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I'm working on an online trading platform and my client wants to change the buy and sell buttons to neutral color instead of red and green and I can see most of the platforms use red and green. Is there any scientific reasoning for this?

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Green connotes ideas like “natural” and “environment,” and given its wide use in traffic lights, suggests the idea of “Go” or forward movement. Green was also in Performable's color scheme (along with black and gray), so a green button fit a bit more nicely into Buy criteria.

The color red, on the other hand, is often thought to communicate danger, blood, and warning. It is also used as the color for stopping at traffic lights. so a red button fit a bit more nicely into Sell criteria.

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    The meanings of colors is culture dependent. This answer is not true everywhere on earth. – whatsisname Jan 1 '17 at 8:16
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    Just to illustrate @whatsisname is talking about, in China, HK and Taiwan, red is actually an auspicious colour and is used to indicate that the stock has increased in value whereas green indicates the stock has decreased in value, which is opposite to the US and UK (and many European countries). – Michael Lai Jan 1 '17 at 11:38
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Numerous studies find that the color red is programmed into our minds as a cue for danger. This has traditionally been used by retailers to grab a customer's attention by painting their SALE signs red. Red and green are complimentary (opposite) colors, and it's only logical to use green for the opposite buy.

This article has more on this subject if you're interested.

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    Just like the other answer, these results are culture-dependent – whatsisname Jan 3 '17 at 2:21
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    It's arguable whether ALL color meanings are culture dependent, since red is used in nature by animals to communicate the same ideas. In any case there was no indication in the question that the answer should be true everywhere on Earth. – staccato Jan 3 '17 at 16:59
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In general, red is a color that a user categorize as a danger or something bad, where green is the opposite. The thing here, that the action expected from the user is not to choose between good/bad, it's requested to choose to buy/sell. those actions are not corresponding with the red and green colors.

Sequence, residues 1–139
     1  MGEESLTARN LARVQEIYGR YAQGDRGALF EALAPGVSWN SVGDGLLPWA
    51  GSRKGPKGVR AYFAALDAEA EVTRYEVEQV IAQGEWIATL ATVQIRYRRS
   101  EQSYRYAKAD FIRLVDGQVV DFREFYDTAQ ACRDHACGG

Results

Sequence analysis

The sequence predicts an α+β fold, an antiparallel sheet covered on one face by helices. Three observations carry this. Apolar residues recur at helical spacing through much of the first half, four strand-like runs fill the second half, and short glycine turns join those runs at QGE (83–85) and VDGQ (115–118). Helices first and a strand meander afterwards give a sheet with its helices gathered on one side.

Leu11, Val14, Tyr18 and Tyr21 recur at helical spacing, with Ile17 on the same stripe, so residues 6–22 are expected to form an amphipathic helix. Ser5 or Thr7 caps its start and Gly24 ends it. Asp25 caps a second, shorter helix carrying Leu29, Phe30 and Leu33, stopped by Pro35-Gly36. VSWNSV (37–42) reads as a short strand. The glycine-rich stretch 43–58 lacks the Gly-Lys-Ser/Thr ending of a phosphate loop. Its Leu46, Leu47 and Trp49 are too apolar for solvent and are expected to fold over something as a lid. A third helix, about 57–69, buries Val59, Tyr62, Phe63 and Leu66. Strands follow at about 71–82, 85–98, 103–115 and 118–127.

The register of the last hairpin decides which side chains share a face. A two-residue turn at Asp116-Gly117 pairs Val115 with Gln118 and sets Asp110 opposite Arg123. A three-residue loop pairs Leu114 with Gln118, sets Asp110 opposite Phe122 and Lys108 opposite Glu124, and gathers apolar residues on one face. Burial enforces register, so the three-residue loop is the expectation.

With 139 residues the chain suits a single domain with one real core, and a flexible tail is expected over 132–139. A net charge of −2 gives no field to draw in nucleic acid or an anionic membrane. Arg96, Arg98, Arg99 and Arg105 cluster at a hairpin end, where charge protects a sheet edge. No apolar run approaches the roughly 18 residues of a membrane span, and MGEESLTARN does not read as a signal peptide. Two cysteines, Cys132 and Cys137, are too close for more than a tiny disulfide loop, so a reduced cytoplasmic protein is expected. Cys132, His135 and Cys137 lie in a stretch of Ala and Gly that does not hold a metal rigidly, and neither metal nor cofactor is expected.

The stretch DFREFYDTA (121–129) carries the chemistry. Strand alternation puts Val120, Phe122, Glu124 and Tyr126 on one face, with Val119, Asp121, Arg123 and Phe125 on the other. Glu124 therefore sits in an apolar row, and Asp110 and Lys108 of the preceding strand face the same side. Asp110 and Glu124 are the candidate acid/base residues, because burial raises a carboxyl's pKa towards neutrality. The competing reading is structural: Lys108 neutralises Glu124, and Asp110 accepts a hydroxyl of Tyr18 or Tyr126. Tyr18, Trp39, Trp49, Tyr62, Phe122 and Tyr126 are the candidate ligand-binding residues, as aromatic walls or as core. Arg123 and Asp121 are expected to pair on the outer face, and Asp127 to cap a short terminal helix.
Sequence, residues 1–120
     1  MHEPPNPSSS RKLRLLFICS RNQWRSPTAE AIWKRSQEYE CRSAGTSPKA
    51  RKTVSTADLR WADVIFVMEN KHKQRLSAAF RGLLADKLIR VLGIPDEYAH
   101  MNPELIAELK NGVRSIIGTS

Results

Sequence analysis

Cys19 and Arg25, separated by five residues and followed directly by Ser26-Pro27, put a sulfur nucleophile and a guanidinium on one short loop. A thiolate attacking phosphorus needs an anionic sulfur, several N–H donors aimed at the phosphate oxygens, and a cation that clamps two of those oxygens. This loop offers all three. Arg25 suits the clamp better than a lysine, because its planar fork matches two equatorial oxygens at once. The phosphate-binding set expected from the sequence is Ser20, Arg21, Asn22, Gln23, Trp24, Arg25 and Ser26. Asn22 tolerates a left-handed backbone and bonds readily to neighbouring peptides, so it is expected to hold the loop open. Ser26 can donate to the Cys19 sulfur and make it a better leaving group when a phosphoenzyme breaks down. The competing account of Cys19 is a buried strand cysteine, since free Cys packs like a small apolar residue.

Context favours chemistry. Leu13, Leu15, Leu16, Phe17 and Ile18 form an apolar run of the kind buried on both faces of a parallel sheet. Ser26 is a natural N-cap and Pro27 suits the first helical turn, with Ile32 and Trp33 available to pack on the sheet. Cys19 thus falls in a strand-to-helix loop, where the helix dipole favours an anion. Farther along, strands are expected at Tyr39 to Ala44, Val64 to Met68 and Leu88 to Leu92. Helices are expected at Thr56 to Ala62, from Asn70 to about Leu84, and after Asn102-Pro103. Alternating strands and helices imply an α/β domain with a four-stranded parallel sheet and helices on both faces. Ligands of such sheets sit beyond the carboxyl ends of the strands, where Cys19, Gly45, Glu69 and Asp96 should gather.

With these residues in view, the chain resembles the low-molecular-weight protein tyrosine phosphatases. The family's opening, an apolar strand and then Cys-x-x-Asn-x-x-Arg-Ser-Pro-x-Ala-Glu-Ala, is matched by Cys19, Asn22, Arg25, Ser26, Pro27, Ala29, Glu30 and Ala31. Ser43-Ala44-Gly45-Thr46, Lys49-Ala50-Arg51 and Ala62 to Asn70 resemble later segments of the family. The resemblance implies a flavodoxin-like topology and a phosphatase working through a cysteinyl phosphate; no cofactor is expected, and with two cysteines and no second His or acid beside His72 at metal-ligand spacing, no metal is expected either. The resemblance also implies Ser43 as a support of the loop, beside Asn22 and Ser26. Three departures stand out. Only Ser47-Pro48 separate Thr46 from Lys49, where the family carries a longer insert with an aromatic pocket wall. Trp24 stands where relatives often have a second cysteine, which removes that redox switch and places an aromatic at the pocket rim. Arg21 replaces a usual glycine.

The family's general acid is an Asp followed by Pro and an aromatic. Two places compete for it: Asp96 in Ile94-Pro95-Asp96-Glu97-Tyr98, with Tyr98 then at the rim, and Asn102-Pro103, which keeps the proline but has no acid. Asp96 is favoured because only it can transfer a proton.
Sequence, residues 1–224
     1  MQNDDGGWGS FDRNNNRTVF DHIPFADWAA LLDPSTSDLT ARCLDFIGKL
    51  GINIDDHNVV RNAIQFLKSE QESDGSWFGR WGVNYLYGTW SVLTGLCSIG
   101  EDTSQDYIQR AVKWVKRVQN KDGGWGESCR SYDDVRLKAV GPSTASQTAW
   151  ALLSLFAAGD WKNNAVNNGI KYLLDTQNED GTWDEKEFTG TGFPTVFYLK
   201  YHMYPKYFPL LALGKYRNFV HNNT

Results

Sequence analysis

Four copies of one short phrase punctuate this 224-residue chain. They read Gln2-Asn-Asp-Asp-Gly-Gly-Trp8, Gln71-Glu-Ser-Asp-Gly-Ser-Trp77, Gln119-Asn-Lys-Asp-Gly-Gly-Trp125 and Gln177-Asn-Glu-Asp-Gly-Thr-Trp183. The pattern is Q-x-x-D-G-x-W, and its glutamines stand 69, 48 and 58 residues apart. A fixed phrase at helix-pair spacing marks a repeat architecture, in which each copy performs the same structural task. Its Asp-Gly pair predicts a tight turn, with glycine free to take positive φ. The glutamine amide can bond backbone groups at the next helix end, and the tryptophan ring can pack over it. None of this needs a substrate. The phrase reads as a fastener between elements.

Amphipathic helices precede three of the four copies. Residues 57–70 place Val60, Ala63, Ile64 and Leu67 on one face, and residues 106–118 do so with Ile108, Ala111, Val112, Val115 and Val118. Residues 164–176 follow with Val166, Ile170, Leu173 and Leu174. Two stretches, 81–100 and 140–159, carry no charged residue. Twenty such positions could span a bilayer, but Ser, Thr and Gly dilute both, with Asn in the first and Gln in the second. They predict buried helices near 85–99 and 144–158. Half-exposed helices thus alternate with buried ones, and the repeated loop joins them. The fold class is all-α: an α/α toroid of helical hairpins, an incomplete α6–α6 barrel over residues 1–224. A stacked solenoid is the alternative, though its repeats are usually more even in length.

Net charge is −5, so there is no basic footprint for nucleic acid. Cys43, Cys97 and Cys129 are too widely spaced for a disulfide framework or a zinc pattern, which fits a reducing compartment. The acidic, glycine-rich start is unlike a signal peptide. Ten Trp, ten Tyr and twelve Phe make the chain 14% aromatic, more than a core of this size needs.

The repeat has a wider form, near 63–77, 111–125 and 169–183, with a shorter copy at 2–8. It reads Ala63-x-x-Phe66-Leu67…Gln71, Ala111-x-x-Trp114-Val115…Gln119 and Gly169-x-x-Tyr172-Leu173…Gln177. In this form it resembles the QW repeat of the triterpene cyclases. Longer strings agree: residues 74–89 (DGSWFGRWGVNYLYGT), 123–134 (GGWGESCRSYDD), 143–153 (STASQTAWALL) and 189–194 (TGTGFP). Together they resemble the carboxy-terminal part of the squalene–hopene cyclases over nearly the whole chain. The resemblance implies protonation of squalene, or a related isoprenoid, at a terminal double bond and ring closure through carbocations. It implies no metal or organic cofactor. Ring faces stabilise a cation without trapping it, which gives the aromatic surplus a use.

As an Ex- product manager of a trading platform I can say that the red and green colors, in this trading industry, are more as a convention where nobody wants to break the chain since they can't anticipate/afraid of the outcome on the trading stats and volumes (users complain that the meaning was changed/don't know what to do/feel unsecured and move to some other trading platform)

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Green belongs to the cold colors why red belongs to the warm colors. There is a natural understanding that these groups are opposed to each other. Moreover cold group is supposed to be brain relaxing while warm is supposed to be exciting (that's why hospitals are color schemes in blue and green). In terms of meaning I think the action of buying doesn't incur any immediate danger while selling does, reason for which the colors have been spread this way. But I think that here the important is the color groups, implicitly implying the separation of actions by belonging to opposite color groups. It would work to have blue and yellow for example.

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Factual part:

There's a scientific reason NOT to have them red and green, which is that between 6%-8% of men are red-green colour blind and can't tell the difference so it's useless for them.

https://doi.org/10.1364/JOSAA.29.000313

Supposition part:

From the user POV using green and red either way round in a buy/sell choice doesn't seem to have any scientific basis. Both could cost you money if you made the wrong choice at the wrong time, so it's not like one is more 'dangerous' than the other to the user. This may well be why your client doesn't want them differentiated as such.

However, I've noticed in my trading platform of choice (a european one) that the buy button is green and a '+' sign whilst the sell button is red and a '-' button. Taking into account that, in nature at least, red is seen as 'danger', the cynical side of me says that's to give a subliminal nudge that selling and possibly taking your money and going is bad, but putting more money in for them to look after is good :-)

It'd be interesting to know if the rest of the trading platforms you surveyed have it the same way round or are swayed by the cultural/regional meanings Michael Lai pointed out depending on their target market

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